April 9, 2021
Strong demand and reduced new vehicle supply given the global semiconductor shortage are increasing used vehicle prices. Tightness is expected to persist through most of 2021.
Cox Automotive's Manheim Used Vehicle Index reported the largest gains on record in March 2021. The index hit 179.2 last month, up from 169.2 in February 2021 and 141.9 (+6% month over month) in March 2020 (+26% year over year).
Used vehicle sales are estimated to be up 117% year over year to a 40.5 million SAAR, up from 18.5 million last year. The large growth reflects weak sales in 2020 at the height of the pandemic fears, and strong economic demand this year. Sales and prices of used vehicles have been robust since mid-2020, and the trend has accelerated over the last two months.
Used vehicle available inventory is low relative to historical industry levels. Used inventory is estimated to be approximately 29 days currently, versus the normal level of 44 days supply. The tightness in the used vehicle market could persist for a good portion of 2021 since major auto manufacturers are reducing the production of new vehicles given semiconductor supply challenges.
Strong growth was reported for all categories, with used pickups leading:
Many Americans began receiving additional stimulus checks in late March and early April. These extra funds will likely increase demand for new and used vehicles through the Summer and Fall.
Starting in mid-2020 commodities have experienced strong price increases. Steel, which is used in auto production, is up 145% through March 2021. Higher input costs will add further upward price pressure to both new and used vehicles.
Historical reductions in new vehicle production due to supply shortages have led to used vehicle price strength as consumers are forced to move to the one to three-year used vehicle market.
This week General Motors and Ford announced production halts that will impact over 10,000 workers in North American factories producing Cadillacs, Buicks and other vehicles.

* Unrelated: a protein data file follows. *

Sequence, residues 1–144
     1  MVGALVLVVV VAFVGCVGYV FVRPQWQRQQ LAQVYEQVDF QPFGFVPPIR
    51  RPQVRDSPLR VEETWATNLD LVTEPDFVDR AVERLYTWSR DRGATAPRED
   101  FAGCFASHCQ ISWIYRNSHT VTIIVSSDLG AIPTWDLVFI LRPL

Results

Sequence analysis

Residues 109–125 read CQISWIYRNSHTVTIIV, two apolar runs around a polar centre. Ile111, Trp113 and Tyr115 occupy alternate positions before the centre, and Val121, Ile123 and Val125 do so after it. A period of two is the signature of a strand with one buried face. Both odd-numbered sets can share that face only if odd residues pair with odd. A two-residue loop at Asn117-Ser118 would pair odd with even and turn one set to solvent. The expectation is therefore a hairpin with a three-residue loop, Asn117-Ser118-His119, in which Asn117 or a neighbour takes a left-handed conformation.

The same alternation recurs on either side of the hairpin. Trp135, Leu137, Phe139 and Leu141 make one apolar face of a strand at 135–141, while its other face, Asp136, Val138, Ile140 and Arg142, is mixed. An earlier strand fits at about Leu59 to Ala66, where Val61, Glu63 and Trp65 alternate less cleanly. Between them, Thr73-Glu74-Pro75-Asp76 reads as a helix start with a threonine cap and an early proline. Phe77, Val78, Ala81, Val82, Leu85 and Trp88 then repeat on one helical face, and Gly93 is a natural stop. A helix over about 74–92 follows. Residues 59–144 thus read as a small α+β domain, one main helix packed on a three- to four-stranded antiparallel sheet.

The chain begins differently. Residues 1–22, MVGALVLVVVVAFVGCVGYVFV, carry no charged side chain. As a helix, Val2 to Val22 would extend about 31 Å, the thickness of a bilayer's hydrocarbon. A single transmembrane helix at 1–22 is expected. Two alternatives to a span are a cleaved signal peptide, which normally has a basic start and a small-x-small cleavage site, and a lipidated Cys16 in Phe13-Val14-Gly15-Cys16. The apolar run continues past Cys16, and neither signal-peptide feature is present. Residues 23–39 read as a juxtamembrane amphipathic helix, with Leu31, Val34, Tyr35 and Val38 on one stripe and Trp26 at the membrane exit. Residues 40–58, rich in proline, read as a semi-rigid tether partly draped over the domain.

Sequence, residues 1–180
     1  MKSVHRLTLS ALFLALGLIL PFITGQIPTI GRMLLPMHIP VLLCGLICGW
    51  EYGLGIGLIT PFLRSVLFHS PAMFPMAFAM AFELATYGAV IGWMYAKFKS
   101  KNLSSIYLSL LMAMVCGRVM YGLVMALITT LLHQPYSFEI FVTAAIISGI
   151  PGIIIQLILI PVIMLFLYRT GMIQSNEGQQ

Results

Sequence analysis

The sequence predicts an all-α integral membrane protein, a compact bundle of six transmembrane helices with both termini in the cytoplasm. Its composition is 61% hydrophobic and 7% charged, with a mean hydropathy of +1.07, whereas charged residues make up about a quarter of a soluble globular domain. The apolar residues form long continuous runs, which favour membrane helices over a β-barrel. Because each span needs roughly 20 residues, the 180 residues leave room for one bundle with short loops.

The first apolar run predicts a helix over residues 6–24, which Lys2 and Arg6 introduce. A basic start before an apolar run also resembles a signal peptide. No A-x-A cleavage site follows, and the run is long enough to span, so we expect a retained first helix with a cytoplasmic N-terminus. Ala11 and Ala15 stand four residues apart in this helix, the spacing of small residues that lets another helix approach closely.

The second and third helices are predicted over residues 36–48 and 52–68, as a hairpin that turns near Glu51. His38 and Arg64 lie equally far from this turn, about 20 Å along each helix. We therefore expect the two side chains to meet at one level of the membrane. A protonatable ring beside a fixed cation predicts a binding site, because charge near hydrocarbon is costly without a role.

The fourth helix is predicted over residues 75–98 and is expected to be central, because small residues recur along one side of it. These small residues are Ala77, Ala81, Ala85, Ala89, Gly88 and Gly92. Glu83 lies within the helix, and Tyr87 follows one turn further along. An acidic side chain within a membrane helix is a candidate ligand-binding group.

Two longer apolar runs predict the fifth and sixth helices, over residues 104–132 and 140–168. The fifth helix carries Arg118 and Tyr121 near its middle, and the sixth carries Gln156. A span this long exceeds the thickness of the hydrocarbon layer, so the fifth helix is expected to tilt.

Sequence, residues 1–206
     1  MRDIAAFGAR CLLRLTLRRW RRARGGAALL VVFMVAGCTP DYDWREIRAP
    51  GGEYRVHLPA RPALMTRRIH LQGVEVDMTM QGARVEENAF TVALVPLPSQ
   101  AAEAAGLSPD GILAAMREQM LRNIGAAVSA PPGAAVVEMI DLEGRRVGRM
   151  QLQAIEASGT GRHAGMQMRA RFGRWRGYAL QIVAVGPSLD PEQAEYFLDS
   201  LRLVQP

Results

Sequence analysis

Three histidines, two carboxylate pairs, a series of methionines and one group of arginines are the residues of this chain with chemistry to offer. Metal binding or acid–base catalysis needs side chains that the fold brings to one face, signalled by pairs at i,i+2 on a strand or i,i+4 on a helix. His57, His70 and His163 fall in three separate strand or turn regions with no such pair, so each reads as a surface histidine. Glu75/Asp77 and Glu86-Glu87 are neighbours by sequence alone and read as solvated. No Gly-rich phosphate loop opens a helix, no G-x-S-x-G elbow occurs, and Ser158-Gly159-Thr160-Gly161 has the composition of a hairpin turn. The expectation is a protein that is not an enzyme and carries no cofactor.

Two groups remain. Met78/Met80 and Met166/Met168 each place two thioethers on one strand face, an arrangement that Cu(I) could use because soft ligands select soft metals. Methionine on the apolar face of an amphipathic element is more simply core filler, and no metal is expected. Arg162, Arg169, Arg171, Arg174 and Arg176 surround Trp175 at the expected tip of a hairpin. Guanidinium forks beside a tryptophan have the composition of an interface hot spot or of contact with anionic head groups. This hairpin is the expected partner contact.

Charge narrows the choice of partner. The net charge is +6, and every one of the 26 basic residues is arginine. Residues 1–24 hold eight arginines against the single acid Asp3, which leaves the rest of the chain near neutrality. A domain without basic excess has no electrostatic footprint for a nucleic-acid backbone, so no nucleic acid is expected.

GM will halt production lines in Spring Hill, Tennessee; Delta Township, Michigan; and Ramos Arizpe, Mexico; for one to two weeks. It is also extending shutdowns that began in February and March at factories in Lansing, Michigan; Kansas City, Kansas; and Ingersoll, Ontario.
"We continue to work closely with our supply base to find solutions for our suppliers' semiconductor requirements and to mitigate impact on GM," the Company said in an emailed statement. "Our intent is to make up as much production lost at these plants as possible."
Ford said it will idle production lines next week in Chicago, Illinois; Kansas City, Missouri; and Flat Rock, Michigan, and will cut production in Avon Lake, Ohio.
The semiconductor shortage has hit almost all major global auto manufacturers. Production reductions have also been announced at Toyota, Volkswagen, Honda, Nio and others. Global vehicle production will be reduced by 1.5 million to 5 million vehicles in 2021 as a result of the supply constraints, according to AlixPartners, a consulting firm.
Currently, there is no visibility on resolving the semiconductor shortage given new factories take years to build and ramp up production. The shortages could persist into the foreseeable future as manufacturers both in auto and other industrial and technology categories seek to secure supplies.
The recent blockage of the Suez Canal is putting pressure on many global supply chains. Several chip manufacturers noted that semiconductor shipments from Asia to Europe were delayed. Construction supplies are also experiencing supply issues.